The results of this study also have implications for research related to teacher preparation and in-service teacher training that lies outside of the scope of the IMPACT program. For instance, additional research is needed on valid means for measuring teachers’ knowledge of the CEC HLPs. This use of the newly developed TKHLP measure adds to this growing body of research, but replication using this measure and others like it is necessary to better understand the results we might expect among general educators new to special education content and coursework. Additionally, further empirical studies are needed to measure the impact of GYO programs in a variety of formats, including how these approaches affect both teacher and student performance over time. Lastly, since this program emphasized the inclusion of SWDs, the goal is to use educational training opportunities to positively influence more professionals to consider less restrictive environments for their SWDs. Research has generally focused on the impact of programs to influence teacher participants’ self-efficacy or their attitudes and beliefs relative to the students they serve, but in addition, we need further interrogation as to whether teacher preparation programs are graduating candidates whose shifting mindsets also result in less restrictive placements for their SWDs. For example, how do the placement decisions or recommendations of participants prior to training compare to the LRE decision-making practices of these participants following their education? How and in what ways do the exit data of teacher program participants yield changes in a district or state’s LRE data, leading to greater levels of inclusion for SWDs?
In this time of teacher shortage, it is critical that state and local policies be developed and implemented in ways that support innovation in recruiting and retaining teachers who are effective and motivated to support diverse populations of students, including those with disabilities. Forward-thinking state policies are those that promote multiple pathways to enter the teacher workforce, including traditional teacher preparation programs, alternative route programs, and other, unique paths to certification since as the one described in this pilot. These varied options support an infrastructure that allows those to enter the field through mechanisms that are personally necessary, timely, and intrinsically motivating based on their professional and personal goals. However, to enact these pathways, both state and local educational agencies must have the resources necessary, including funding, to support partnership programs with tailored in-service teacher professional development. Partnerships and Memoranda of Understanding which establish ways to earn degrees is one pathway, but it is not the only pathway available to actualize innovative programming. State policies should incentivize teachers to pursue additional post-graduate education (such as through salary increases) toward all types of programs, not just those that lead to master’s and doctoral degrees.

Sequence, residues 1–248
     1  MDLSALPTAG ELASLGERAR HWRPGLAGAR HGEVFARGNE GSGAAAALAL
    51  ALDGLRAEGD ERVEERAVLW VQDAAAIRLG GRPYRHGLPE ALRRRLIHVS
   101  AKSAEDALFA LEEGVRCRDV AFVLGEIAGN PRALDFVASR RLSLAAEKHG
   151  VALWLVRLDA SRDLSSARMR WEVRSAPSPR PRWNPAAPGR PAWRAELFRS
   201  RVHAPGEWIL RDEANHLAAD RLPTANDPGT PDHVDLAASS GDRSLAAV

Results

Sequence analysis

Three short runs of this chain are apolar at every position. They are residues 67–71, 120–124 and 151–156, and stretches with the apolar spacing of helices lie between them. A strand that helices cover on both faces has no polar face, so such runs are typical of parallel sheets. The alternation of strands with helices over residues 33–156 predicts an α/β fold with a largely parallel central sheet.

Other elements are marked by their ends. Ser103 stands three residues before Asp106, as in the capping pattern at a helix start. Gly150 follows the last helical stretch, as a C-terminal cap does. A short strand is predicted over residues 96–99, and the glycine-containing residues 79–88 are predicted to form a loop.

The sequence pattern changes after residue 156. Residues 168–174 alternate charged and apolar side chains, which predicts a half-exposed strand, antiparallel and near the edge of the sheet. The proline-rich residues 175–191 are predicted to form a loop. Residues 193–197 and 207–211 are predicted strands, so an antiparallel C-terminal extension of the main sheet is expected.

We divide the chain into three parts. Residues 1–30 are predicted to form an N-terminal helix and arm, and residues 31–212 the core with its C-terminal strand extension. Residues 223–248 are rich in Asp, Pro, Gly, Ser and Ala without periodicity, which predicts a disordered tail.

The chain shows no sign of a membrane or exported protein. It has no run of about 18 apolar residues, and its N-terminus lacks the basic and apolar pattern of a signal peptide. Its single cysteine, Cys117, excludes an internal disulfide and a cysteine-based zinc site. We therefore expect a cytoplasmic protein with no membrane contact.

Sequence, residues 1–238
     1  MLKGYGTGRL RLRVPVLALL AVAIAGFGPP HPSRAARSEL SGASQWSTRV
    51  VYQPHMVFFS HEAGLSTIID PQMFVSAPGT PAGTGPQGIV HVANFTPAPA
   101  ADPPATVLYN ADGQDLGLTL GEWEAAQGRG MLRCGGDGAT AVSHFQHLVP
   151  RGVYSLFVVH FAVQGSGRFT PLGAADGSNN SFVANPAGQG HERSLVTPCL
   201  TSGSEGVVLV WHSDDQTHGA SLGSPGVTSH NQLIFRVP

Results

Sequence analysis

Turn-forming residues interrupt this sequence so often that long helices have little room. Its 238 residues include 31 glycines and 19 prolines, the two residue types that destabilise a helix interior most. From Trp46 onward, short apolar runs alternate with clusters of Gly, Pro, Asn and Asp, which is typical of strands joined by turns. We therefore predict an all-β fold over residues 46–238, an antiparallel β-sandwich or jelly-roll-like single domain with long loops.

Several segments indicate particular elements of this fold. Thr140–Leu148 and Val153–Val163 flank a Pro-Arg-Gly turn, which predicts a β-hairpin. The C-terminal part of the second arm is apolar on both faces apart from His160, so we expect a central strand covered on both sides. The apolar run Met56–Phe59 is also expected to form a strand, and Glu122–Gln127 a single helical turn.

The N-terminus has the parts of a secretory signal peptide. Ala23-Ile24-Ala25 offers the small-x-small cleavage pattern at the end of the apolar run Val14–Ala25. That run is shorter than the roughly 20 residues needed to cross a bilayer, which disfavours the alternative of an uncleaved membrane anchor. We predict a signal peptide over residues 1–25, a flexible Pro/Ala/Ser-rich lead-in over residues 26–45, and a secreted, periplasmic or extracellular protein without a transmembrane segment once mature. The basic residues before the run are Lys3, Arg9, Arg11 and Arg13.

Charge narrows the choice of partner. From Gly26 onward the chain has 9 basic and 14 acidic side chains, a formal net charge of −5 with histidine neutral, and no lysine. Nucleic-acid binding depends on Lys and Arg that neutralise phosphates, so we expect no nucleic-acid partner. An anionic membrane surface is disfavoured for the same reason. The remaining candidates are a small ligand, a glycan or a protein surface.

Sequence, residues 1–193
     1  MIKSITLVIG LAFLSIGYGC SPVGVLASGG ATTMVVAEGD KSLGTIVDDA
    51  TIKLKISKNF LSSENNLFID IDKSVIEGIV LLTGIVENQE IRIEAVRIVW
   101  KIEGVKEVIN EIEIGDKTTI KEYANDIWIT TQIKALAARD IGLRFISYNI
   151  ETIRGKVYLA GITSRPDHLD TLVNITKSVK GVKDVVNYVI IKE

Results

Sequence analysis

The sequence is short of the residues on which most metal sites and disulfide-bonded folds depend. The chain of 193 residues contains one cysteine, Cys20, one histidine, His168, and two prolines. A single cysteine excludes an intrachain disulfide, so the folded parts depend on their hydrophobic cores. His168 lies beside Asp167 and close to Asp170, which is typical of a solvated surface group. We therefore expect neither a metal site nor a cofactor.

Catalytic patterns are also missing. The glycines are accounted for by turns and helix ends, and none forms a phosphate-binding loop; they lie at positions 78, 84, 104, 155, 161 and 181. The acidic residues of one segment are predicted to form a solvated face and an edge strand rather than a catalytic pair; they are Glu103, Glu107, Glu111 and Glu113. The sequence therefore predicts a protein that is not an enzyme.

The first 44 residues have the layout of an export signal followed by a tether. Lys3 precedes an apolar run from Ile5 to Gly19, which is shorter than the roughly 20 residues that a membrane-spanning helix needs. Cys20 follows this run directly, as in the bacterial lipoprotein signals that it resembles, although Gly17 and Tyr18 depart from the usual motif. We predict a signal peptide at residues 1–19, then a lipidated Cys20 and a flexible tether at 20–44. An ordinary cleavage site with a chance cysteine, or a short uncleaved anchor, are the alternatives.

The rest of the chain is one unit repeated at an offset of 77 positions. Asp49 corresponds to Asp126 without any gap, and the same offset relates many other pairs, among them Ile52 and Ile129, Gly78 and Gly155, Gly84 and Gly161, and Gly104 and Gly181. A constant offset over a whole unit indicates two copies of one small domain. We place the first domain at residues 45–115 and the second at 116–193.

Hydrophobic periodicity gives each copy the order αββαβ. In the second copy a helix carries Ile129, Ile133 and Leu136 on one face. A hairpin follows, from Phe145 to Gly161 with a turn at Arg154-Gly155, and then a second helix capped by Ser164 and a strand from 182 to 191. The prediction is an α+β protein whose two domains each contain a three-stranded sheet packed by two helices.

11. Conclusions

It is essential that universities and districts continue critical conversations and ongoing partnerships to ascertain how state, district, and school-level administrators can encourage more highly effective general education teachers to become certificated in special education, while simultaneously supporting the retention of the educators who make this investment. When we view the need for general educators and special educators as separate or binary issues, we run the risk of creating division that only exacerbates teacher shortages within a school or district. Collectively, programs like IMPACT are designed to allow leaders to strategize ways to utilize their existing workforce to address such gaps, holding the common vision that the need to support SWDs rests squarely upon all educators. Through this approach, unique and tailored preparation programs can be designed to foster effective workforce mechanisms that jointly address this pressing issue that many districts face.

Author Contributions

Conceptualization, A.R.H.-B. and N.G.; Methodology, N.G.; Formal Analysis, A.R.H.-B. and N.G.; Investigation, A.R.H.-B. and N.G.; Resources, A.S.; Data Curation, A.S.; Writing—Original Draft Preparation, A.R.H.-B.; Writing—Review & Editing, A.R.H.-B., N.G. and A.S.; Visualization, N.G.; Supervision, A.R.H.-B.; Project Administration, A.R.H.-B.; Funding Acquisition, A.R.H.-B. All authors have read and agreed to the published version of the manuscript.


The pilot and development of the IMPACT program was funded by The Longwood Foundation.

Institutional Review Board Statement